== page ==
Lo-fi buzzsaw drones seesawing out simple but euphoric chord progressions command a certain incommunicable devotion. I’m convinced there’s a gene for this stuff. The organs and their highs are always somehow different-but-the-same; just seeing certain words in reviews make mouths water. It’s also been known to short-circuit my own analytic abilities. Most recent offense: I compared Gentle Friendly’s debut Ride Slow to early Casiotone before I realized — wait a tick, this doesn’t sound like Casiotone at all. It’s neither Painful, nor Alone; it’s just not the same scene. See, real drone-pop junkies get free-associative regardless of what press and culture tell them; they can almost feel an invisible community in those sonorous tones. If you have the gene, you know who you are. For everyone else scratching their heads in the “nothing like fucking Casiotone” camp, Ride Slow remains so seamless a cultural mesh that it’ll swiftly draw its fair share of converts from realms as disparate as loop-folk, neu-New-Wave, and, um, Fuck Buttons.
The appropriately named London-based label Upset the Rhythm has gained some clout in the last few years by mining some of America’s junkier/loopier dilapidates for UK release (including Lucky Dragons and Bird Names), but in Gentle Friendly the label may have finally found some locals that stand up to the overseas competition. Jittery opener “No Infinity On,” not to mention several of the other short interludes sprinkled throughout Ride Slow, fits snugly into Upset the Rhythm’s niche. A pitch shift evokes those 78rpm songs Neu! used to dabble in and lowers stakes accordingly — it feels like a last-minute “fuck it” on their part, and it’s more fun for it. But it doesn’t prepare the listener to be hit sidelong by “R.I.P. Static,” an absolute gem that lays the groundwork for the rest of the album.
David Morris sings almost the entirety of “R.I.P.” on one note, while the tidal fuzz rises and falls around him. The effect is robotic, but also secure as a buoy — incidentally, the threat/allure of water and waves is one of the album’s thematic threads. Sometimes it seems like he can’t change pitch, like he’s been enslaved by the drone (if you have the gene, you can relate), so he channels all of his energy into dizzying tongue acrobatics. The song flies through a fractured narrative full of desires and images (“Happy New Year, raise a fist to the room/ We don’t like ice in our drinks, we put the ice on our wounds”), and in lieu of any real chorus, key lyrics lock-groove to an unsettling effect: “You mixed the surf with the turf, that was your first mistake your first mistake that was…” etc.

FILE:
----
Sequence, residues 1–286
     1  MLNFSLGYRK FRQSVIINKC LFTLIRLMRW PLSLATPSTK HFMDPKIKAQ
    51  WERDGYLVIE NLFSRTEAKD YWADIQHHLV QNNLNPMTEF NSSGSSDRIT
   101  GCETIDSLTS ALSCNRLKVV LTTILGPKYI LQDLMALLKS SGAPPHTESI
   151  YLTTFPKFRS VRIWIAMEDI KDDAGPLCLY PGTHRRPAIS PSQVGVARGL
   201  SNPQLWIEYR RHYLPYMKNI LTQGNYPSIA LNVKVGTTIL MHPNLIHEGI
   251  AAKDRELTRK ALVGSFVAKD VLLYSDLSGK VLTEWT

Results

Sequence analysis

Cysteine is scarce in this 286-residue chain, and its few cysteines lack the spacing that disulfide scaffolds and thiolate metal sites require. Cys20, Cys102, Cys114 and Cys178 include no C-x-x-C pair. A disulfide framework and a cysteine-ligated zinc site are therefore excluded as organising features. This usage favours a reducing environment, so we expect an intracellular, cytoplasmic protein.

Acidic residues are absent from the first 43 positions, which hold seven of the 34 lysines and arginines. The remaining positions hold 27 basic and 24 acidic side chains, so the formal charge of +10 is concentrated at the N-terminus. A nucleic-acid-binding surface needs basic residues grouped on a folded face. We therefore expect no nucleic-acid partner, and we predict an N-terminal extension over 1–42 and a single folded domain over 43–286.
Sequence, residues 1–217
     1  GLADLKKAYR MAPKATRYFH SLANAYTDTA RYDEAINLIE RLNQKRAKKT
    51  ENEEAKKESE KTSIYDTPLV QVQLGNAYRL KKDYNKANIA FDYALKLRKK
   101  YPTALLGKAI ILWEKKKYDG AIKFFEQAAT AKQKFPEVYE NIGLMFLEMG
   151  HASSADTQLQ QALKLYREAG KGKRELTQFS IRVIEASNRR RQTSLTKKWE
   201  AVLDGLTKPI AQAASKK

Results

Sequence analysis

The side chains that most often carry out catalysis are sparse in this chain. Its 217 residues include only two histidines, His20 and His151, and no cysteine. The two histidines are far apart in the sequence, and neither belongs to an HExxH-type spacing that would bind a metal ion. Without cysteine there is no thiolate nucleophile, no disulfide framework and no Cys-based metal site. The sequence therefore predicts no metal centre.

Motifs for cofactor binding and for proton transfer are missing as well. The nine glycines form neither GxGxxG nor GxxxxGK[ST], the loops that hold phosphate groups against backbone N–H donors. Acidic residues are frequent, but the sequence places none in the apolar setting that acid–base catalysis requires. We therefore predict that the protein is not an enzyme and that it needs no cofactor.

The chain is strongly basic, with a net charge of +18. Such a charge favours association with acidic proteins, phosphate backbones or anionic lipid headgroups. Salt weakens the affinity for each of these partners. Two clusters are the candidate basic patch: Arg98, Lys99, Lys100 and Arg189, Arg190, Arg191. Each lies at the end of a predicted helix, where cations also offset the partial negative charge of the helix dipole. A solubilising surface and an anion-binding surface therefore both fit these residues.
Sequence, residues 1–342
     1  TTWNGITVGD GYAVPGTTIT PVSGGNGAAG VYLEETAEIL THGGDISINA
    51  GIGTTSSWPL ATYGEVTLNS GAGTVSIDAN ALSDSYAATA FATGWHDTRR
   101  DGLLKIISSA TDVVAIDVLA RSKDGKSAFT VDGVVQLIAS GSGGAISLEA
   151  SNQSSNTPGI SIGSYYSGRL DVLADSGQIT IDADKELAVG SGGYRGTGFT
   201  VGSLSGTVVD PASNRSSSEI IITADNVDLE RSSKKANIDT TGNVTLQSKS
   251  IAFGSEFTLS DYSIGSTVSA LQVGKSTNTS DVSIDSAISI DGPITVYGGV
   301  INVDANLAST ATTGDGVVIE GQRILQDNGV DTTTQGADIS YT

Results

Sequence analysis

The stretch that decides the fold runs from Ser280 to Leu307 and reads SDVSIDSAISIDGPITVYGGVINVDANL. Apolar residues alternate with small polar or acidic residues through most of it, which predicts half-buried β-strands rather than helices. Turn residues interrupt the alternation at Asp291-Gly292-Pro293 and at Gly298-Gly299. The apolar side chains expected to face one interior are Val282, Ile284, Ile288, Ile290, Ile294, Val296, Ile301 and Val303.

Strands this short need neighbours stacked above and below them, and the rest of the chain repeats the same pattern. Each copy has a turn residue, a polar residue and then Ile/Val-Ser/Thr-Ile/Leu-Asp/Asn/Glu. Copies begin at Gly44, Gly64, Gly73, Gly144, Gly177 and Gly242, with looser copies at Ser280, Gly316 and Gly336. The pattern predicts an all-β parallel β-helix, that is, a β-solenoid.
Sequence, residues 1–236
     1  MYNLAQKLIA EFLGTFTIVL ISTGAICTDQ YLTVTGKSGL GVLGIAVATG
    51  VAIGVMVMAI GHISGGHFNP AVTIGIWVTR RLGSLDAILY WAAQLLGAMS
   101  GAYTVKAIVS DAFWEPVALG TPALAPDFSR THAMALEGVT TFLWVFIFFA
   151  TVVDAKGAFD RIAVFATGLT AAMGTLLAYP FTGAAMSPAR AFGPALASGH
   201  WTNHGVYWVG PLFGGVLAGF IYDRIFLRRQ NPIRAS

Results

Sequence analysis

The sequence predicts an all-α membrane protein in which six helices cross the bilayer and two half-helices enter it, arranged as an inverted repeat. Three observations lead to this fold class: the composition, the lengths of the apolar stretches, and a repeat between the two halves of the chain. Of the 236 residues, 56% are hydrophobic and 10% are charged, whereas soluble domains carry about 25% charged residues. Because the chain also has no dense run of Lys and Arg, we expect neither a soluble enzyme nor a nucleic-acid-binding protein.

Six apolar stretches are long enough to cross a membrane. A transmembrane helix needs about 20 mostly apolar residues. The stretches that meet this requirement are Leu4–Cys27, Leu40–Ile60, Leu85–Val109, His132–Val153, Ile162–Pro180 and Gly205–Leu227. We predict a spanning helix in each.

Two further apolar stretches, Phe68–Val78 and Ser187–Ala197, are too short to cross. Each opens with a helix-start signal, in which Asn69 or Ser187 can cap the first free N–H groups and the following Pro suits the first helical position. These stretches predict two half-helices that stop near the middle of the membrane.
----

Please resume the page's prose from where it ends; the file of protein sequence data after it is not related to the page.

The one-note vocal theme rears its head a few times throughout the album, and it’s more varied and distinct than it may sound in print. The pendulous, penultimate “Illuminate His Face” is a particularly rewarding deceleration of what “R.I.P.” set into motion, the diced syllables now spread out into a heavy, stuttering rhythm that surfaces only on a certain exhaling chord that’s always familiar yet unforeseen. The song could have been thrice its 3:27 length and remained just as hypnotic.
If there’s a flaw with Ride Slow, it’s that the vocals don’t always sound like this or play off this idea, and thus threaten Gentle Friendly’s identity. The low-register groan of “Shrines and Shit” falls flat on its face, and “Lovers Rock” — the album’s ballad, if you want to call it that — is gorgeous but somehow feels less theirs. The mistake is understandable on an album whose strongest aspect is transition and the sense of variation that transition creates. “Police and Love” is 30 seconds of generic drum machine whose only function, I’m convinced, is to energize the impact of “Real Fighters.” This is just as true of fleshed-out songs like “Vincentt,” which live and die on their own unique (but-the-same) sound: in “Vincentt”s case, a pileup of slow-decay pulse.
By any account, Gentle Friendly fly through these redemptive gearshifts — 15 tracks in 35 minutes — which keeps the energy high enough to maybe mask what an act of sheer faith this album is. David Morris and Daniel Boyle spring-load these songs, so on successive listens the potential energy gets thick as crazy glue. This is addictive stuff, too sticky to shake off. I will continue to pump my fist not just for Gentle Friendly’s auditory sickness, but also for their function: as a group that substantiates and breathes life into an invisible community, a group that can preach equally to the choir and the passer-by. “There’s something happening in the outside world.” I don’t think it’s just the gene talking.